With the global population set to reach 9.7 billion by 2050, two thirds of which will be living in cities, according to United Nations projections, governments worldwide are already facing an array of challenges in ensuring the sustainability, security and success of an ever-more-crowded planet.

The urgency of these challenges underscores the importance of smart cities continuing to fuel growth, innovation and cultural dynamism amid this wave of continued urbanization. To do so, they’ll need to harness data analytics, smart infrastructure, sensing technologies and innovation networks to improve civic services, manage day-to-day operations and make cities attractive destinations for capital.

But while the case for smart cities is straightforward, the path to building them is not. Key hurdles stand in the way of unleashing the full potential of smart cities.  Here’s a look at five of the most pressing challenges that will need to be addressed.

Privacy fears

Amid fierce debates about how tech giants have made use of data, smart cities have become yet another flash point in the war over digital privacy. Even among those who support smart cities, there are fears that in practice, smart city technology will give Big Brother—be it big government or big tech—too much visibility into citizens’ lives.

In Toronto, which has partnered with Alphabet’s Sidewalk Labs to build an innovation hub, a privacy expert consulting on the project recently resigned over alleged shortcomings in data privacy protections, sparking calls for more measures against third-party exploitation of individual information.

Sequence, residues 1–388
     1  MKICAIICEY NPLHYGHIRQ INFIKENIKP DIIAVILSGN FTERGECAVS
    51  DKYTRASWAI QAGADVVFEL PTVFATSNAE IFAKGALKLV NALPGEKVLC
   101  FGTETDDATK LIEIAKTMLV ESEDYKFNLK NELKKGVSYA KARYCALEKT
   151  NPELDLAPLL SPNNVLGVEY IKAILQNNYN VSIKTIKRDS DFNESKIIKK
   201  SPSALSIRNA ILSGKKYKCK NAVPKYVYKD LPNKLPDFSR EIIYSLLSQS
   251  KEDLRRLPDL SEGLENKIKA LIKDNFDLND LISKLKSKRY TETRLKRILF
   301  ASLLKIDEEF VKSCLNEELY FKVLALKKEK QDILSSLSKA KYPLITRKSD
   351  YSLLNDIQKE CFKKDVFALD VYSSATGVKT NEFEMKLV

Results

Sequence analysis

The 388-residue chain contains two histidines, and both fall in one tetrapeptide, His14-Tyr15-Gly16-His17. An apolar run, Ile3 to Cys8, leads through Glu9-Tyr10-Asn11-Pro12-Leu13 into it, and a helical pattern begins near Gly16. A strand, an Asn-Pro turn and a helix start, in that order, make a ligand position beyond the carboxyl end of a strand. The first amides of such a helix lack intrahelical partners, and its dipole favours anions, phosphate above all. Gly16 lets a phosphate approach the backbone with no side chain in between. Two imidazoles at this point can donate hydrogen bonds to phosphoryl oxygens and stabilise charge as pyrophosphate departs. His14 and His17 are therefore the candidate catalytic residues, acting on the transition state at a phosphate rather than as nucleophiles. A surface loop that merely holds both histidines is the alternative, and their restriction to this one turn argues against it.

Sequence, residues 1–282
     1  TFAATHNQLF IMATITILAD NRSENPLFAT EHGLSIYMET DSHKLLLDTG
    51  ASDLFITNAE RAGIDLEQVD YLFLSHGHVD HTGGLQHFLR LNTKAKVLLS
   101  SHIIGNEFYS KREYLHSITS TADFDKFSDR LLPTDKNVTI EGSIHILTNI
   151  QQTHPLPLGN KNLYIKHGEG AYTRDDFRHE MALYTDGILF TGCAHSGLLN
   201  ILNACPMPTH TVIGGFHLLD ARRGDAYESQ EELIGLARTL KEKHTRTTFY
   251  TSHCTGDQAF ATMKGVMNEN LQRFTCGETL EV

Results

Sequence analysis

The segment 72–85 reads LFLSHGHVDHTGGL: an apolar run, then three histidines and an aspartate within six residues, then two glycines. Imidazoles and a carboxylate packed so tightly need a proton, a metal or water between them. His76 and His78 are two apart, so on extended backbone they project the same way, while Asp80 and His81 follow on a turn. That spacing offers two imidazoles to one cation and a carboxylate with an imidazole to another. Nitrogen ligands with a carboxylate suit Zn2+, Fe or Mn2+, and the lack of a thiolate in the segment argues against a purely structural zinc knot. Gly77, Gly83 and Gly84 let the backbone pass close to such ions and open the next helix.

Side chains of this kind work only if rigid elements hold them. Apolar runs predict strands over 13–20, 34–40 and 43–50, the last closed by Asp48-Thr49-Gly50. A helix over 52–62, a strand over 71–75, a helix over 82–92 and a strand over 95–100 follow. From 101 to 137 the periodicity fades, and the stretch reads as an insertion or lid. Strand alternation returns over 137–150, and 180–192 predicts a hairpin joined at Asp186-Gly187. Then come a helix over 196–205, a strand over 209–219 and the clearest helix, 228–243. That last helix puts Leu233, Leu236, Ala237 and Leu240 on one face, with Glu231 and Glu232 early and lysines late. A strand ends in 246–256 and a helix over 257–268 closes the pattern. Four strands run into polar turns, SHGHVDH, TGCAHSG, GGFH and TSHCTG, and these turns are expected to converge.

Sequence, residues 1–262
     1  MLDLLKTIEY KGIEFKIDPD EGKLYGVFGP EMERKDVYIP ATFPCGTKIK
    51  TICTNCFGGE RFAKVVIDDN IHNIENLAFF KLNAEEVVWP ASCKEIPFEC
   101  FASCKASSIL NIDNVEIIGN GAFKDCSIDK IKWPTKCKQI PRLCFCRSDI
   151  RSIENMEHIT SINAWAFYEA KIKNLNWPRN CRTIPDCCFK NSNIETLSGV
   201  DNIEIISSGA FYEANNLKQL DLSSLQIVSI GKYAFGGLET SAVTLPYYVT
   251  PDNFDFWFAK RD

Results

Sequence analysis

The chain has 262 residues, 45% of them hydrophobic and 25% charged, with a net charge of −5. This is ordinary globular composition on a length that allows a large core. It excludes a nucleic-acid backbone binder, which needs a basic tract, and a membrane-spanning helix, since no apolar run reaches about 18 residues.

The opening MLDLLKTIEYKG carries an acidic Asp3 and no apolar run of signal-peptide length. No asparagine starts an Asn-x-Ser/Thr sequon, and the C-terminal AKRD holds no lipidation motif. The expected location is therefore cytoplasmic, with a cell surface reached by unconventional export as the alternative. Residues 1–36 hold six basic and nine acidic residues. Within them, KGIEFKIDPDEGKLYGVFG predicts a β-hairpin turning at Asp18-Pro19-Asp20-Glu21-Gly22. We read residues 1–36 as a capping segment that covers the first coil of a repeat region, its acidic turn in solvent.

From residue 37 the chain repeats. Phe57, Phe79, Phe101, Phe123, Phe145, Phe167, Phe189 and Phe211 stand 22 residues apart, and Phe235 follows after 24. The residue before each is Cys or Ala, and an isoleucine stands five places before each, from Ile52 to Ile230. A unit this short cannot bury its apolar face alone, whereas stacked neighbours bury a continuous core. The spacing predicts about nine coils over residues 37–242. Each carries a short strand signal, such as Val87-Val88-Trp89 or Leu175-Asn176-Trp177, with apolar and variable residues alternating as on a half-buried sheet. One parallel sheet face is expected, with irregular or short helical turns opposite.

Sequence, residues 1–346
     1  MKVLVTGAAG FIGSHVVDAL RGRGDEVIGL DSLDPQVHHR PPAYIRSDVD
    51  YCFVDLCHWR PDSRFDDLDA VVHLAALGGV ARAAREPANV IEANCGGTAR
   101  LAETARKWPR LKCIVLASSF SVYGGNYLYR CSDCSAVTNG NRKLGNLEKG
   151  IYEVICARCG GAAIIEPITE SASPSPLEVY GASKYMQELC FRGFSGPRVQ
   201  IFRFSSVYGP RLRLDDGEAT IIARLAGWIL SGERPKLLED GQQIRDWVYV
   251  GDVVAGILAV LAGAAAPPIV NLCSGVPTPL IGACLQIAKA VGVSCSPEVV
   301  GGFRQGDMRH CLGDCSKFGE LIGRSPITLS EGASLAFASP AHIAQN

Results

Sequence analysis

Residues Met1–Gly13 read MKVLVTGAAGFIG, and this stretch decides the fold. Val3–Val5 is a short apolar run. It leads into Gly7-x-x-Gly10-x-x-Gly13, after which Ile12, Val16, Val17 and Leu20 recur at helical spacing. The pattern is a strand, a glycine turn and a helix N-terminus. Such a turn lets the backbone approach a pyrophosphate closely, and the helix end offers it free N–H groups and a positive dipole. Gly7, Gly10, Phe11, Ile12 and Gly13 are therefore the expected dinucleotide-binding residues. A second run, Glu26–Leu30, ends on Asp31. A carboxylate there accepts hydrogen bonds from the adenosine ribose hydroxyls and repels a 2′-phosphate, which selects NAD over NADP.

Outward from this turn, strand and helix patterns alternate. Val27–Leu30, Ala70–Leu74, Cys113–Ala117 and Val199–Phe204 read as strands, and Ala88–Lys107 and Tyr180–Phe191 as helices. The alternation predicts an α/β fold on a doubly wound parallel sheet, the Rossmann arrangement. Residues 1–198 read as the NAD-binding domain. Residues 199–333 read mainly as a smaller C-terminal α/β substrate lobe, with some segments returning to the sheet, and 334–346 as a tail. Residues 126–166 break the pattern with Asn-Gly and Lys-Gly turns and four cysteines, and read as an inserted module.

As cities grapple with urbanization, digitization, and the growing abundance of data, public debate over how to realize the benefits of smart cities without sacrificing privacy will intensify—and while privacy safeguards will always remain a matter of contention, with no neat and easy solution, serious discussion on privacy today will help bring to fruition the smart cities of tomorrow.

Incomplete data

Even as privacy advocates voice concerns about too much data in the public sphere, there’s also a data shortage that demands attention.

For example, all but a fraction of the data used to power connected vehicles are visual data—but to more intelligently control traffic and ensure road safety in smart cities, planners should turn their attention to harnessing data that are not visual. For example, we as humans can “feel” and respond to certain road conditions based on that feel, conditions such as black ice, potholes, windy conditions and so on. Yet autonomous vehicles and the mapping technology required to train them are often missing this element. Compounding the issue further, many methods of visual data collection can be extremely costly, difficult to scale, and inaccurate, as is often the case with data collected from cellphones.

Faster connections in a 5g world